Healthcare security stuck in Stone Age

New 2014 Verizon breach report shows industry is 'behind the curve' with security
By Erin McCann
11:05 AM
Healthcare has a few things to do differently in the privacy and security arena -- one of them being: Start taking it seriously. This according to Verizon's annual breach report released today.
The new 2014 Verizon Data Breach Investigations Report highlights a concerning carelessness regarding privacy and security, specific to the healthcare industry.
"They seem to be somewhat behind the curve as far as implementing the kinds of controls we see other industries already implemented," said Suzanne Widup, senior analyst on the Verizon RISK team, in an interview with Healthcare IT News discussing report findings.
The industry's biggest misstep? Encryption, encryption, encryption. 
After examining some 63,000 security episodes and upwards of 1,300 breaches from 50 data-sharing partners, Verizon officials found that the lion's share of data breaches -- 46 percent -- stem from physical theft or loss of unencrypted devices. This stands as the highest percent across any of the 19 industries analyzed in the report. So, not only are organizations failing to encrypt mobile devices and laptops, but healthcare employees are also being notably negligent with how they handle these devices -- leaving them unsecured in personal residences or personal vehicles, for instance. 
"(Physical theft and loss) is the biggest hands down problem in healthcare that we are seeing," said Widup. "It really surprises me that this is still such a big problem. It's one of those things that encryption is such an easy safe harbor," she pointed out. "Other industries seem to have gotten this fairly clearly." 
Of course, the healthcare numbers are going to be slightly higher because the federal government has mandated specific HIPAA privacy and security breach notification requirements for organizations, but that doesn't change the reality that these organizations still fail to implement basic encryption practices, added Widup. 
The healthcare sector also saw its second highest numbers in the insider misuse category, with 15 percent of healthcare's security incidences due to insider misuse. That's higher than 13 other industries. Only the administrative, mining, public sector, real estate and transportation industries saw bigger numbers. 
Widup said they see insider misuse "quite a bit," especially affiliated with organized crime groups where they either have someone recruited as an insider or they are specifically sent to get a job in healthcare where they eventually facilitate access to sensitive information that's easily monetized, like Social Security numbers associated with patient records, for instance.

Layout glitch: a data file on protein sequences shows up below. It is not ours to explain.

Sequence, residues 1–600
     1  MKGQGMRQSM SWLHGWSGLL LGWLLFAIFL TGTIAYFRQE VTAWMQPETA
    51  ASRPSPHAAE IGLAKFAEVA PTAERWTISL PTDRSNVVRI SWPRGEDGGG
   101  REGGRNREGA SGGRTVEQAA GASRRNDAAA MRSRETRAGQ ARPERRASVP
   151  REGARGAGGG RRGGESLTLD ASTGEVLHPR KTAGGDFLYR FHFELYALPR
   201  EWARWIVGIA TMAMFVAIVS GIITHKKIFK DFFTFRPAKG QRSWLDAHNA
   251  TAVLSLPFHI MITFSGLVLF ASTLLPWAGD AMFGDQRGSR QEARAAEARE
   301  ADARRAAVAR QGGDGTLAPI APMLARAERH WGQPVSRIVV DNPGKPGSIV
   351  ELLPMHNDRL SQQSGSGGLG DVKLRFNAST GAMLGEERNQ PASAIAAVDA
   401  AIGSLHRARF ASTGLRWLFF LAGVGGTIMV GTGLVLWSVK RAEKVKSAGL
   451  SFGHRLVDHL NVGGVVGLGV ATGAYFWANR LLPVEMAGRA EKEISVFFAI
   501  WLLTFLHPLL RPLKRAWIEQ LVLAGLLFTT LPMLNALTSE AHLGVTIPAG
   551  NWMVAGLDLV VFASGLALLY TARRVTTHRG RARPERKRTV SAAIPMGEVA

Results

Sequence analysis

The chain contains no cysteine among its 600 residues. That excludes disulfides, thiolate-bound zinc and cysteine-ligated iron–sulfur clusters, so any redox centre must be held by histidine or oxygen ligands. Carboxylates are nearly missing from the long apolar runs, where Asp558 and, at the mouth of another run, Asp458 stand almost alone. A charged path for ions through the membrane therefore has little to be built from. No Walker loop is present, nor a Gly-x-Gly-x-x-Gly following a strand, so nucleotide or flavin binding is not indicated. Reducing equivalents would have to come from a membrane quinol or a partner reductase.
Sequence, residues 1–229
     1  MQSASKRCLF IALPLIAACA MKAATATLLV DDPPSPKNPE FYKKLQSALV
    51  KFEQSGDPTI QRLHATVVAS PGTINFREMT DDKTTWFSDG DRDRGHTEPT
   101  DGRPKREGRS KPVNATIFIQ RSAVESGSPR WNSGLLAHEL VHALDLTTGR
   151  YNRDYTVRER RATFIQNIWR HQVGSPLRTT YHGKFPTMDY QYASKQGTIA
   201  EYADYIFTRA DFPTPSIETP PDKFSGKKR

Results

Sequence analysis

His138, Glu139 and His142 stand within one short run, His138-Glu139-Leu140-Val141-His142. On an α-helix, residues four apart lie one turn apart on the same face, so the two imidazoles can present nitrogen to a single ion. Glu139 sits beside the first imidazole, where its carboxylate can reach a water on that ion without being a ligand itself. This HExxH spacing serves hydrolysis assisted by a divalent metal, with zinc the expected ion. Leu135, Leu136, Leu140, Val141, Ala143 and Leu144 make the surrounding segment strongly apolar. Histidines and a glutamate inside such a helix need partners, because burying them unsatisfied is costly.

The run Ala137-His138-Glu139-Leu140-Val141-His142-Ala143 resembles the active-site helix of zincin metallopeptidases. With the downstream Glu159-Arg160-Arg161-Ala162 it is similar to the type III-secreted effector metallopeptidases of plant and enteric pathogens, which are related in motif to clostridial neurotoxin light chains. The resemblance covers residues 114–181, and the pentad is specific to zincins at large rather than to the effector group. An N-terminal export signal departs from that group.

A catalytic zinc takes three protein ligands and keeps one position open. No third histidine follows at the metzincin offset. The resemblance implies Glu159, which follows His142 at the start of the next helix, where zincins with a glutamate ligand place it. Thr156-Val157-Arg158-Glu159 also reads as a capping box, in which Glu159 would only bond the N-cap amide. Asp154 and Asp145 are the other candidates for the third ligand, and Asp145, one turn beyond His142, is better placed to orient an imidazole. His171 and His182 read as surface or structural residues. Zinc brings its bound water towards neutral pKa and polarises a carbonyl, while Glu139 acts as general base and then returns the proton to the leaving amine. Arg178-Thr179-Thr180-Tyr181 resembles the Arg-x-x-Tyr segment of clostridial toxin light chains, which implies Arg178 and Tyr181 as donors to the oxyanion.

Tax fraud is also big in this category, Widup pointed out, especially in Florida. "Florida is the leading edge of this kind of attack," she said. 
There's also the employee snooping problem, which Widup said is actually underreported, as it doesn't have the financial backing that say tax fraud has. 
The most effective method to curb these occurrences is by auditing your users and the data, said Widup. "You need to know who has the data, who has access to the data, and you need to monitor it," she said. "When you see organizations implement some sort of auditing scheme, suddenly they start finding a lot of stuff they couldn't see before."
Healthcare also stands out in the miscellaneous error category, accounting for 12 percent of the industry's security incidences. 
This occurs when say, for example, employees send paper documents or emails to the wrong recipient, or publish data they thought was protected but turns out it could be found via a simple Google search. 
Case in point is what transpired at the three-hospital Cottage Health System last year when the protected health information of nearly 33,000 of its patients was compromised after patient data was found on Google due to a removal of electronic security protections. 
Nashville, Tenn.-based Cogent Healthcare also recently reported a similar incident when a site the hospitalist company was using to store patient data had its firewall down, exposing the protected health information of some 32,000 patients. 
These types of cases, Widup pointed out, could most often be avoided by a simple quality sampling process. Try a few envelopes with letters before sending out the entire thing. "These kinds of quality insurance things are basic to a lot of industries, but they don't think about it for things like this," she said.
Point-of-sale intrusion proves to be another security failing for the industry, Widup pointed out, representing 9 percent of incidences. 
"In healthcare, they have a real tradition of protecting patient privacy, and they don't have it quite as much in their minds of having to protect the financial information," she said. This is observed with where they take their co-pays, for instance, and even purchases in hospital cafeterias. Often times, healthcare groups will outsource the management for the point-of-sale systems, and vendors frequently have Internet accessible and "very simplistic password schemes," said Widup.
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